Social Media for Social Good, Part Three: The World Malaria Day Campaign

For the past two weeks, I've looked at ways in which different social media platforms have been utilized to "do good." I've examined blogs and Twitter, and I've tried to argue that the networks created by social media can provide a powerful means to share facts, share stories, build coalitions, and engage people.

Rather than examine a specific social media platform today, I want to turn to look at a social media campaign and examine the ways in which a multitude of resources and networks were harnessed for social good.

April 25 was World Malaria Day. The Roll Back Malaria Partnership, comprised of a number of governments, international organizations, companies, academic and research institutions, and NGOs, called for the World Malaria Day to help bring attention to what those in the fight against malaria call "a critical moment in time."

Malaria kills almost one million people per year and afflicts as many as half a billion people in 109 countries in Africa, Asia and Latin America. The RBM Partnership estimates it will take about 200 million of doses of effective treatment, the indoor spraying for around 200 million homes annually, and approximately 1.5 billion diagnostic tests annually to meet the UN's 2010 targets for delivering protection and treatment to all those at risk of malaria

The international community has less than a year to meet the UN target dates, and so various social media campaigns were organized to help draw attention to the programs seeking to combat the disease. Here are some of their tactics:

Text Messaging: Fundraising efforts for many recent disaster relief campaigns have demonstrated how successful text-messaging can be. On World Malaria Day, people could send a text message to a number that would result in a $10 donation (and show up on their next phone bill).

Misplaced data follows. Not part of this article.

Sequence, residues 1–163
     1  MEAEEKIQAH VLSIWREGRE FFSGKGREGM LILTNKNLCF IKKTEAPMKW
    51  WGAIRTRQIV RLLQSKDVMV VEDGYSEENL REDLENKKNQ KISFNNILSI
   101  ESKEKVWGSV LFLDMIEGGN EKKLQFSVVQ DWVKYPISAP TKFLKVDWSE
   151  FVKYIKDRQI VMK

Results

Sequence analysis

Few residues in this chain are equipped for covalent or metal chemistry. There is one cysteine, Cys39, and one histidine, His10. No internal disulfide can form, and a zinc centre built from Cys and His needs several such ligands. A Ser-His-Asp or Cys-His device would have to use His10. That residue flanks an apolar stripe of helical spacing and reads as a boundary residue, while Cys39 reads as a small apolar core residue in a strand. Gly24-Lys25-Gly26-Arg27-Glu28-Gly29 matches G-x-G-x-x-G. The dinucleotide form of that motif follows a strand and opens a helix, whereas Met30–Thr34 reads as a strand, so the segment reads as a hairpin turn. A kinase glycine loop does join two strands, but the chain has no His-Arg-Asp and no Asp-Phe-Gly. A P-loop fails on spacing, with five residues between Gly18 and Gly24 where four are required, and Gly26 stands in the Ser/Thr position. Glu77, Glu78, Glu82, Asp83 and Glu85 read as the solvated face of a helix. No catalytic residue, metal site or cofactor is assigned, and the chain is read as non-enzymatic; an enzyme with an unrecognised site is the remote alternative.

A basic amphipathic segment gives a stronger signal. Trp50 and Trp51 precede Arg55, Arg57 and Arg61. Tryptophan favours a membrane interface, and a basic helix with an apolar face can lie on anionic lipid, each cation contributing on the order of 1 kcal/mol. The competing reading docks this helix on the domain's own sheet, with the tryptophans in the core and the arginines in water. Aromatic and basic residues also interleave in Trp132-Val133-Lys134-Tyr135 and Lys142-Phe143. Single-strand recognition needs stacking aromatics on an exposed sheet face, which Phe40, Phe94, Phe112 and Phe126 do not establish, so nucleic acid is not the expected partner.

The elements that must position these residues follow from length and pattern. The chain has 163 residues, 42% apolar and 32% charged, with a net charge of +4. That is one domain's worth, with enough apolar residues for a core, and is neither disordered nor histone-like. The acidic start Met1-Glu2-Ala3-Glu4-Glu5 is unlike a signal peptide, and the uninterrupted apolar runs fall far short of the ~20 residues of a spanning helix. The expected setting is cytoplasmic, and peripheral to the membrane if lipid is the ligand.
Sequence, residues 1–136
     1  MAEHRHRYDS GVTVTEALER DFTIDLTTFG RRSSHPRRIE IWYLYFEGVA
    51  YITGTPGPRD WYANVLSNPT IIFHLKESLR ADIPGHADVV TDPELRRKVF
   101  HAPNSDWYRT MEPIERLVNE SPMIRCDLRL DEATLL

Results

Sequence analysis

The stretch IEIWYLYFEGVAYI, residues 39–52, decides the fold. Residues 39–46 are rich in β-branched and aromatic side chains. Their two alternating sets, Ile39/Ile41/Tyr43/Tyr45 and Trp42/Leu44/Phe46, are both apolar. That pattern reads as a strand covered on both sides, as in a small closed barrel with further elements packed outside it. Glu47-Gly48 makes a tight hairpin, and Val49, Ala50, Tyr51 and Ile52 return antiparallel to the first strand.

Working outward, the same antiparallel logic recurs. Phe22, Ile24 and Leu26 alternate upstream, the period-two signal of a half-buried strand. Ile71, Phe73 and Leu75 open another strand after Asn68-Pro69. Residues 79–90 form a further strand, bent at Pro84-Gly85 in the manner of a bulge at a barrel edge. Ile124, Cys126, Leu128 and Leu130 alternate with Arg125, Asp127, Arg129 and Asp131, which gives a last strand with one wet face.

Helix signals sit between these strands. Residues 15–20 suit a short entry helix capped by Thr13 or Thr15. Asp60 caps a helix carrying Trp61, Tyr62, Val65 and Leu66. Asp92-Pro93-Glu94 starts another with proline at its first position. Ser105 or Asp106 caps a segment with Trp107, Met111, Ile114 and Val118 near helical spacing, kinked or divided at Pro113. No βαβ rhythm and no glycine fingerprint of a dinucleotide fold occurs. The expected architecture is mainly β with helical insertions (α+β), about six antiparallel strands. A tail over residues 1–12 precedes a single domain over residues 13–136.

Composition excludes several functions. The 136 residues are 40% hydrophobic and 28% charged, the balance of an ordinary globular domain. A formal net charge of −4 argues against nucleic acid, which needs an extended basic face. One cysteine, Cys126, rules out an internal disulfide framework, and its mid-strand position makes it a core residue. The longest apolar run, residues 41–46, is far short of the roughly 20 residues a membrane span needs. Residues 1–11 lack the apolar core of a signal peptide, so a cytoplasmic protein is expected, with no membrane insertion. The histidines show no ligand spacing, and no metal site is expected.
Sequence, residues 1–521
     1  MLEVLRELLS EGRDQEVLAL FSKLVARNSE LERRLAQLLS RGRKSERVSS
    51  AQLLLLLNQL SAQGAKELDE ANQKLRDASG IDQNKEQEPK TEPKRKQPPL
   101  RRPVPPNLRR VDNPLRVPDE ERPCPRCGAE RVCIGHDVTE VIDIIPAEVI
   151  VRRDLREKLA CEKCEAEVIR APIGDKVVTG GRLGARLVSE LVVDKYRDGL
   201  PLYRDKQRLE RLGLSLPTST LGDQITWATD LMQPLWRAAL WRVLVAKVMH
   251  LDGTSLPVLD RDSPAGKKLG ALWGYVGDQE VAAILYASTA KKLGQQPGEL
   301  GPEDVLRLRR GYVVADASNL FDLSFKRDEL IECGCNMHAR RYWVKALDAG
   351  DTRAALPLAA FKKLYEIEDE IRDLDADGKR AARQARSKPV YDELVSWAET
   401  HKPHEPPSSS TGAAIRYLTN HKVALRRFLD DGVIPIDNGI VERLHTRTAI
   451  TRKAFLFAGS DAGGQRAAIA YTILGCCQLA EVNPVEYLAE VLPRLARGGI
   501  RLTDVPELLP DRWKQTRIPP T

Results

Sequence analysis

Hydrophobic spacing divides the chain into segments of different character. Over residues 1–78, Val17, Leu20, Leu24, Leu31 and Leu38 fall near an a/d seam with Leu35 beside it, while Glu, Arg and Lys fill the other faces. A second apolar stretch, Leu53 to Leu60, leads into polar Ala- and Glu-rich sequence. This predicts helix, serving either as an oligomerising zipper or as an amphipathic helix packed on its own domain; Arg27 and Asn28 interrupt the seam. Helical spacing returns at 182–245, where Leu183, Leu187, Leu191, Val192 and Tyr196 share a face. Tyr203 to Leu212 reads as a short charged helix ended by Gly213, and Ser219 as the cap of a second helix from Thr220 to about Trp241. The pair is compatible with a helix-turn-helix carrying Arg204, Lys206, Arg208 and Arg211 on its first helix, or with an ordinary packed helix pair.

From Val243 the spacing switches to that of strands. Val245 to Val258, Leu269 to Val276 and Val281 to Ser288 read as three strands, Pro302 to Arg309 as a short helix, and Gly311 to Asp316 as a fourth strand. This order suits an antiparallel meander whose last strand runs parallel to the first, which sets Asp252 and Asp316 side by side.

Twitter: Hashtags are used in Twitter to track topics. On April 25, all tweets with the hashtag "#endmalaria” auto-generated a mosquito icon, helping to visualize the message.

Photo Sharing: The photo-sharing site Daily Booth also used the hashtag to mark photos that were taken to draw awareness to malaria. The words "end malaria" were written on people's hands and the photos were uploaded to the Daily Booth site. Once tagged, these photos would show up in friends' photostreams, identified as being part of the World Malaria Day campaign.

Website: Although there are many pressures to try the newest Web 2.0 tools, a good website remains important. World Malaria Day 2010 has a website (http://www.rollbackmalaria.org/worldmalariaday/) that contains links to all the key policy documents, statistical and historical details, and contact information.

World Malaria Day demonstrates some innovative uses of social media. Hopefully the awareness will help move the world toward the goal of worldwide malaria protection by 2010 and zero malaria deaths by 2015, and the eventual elimination of the disease.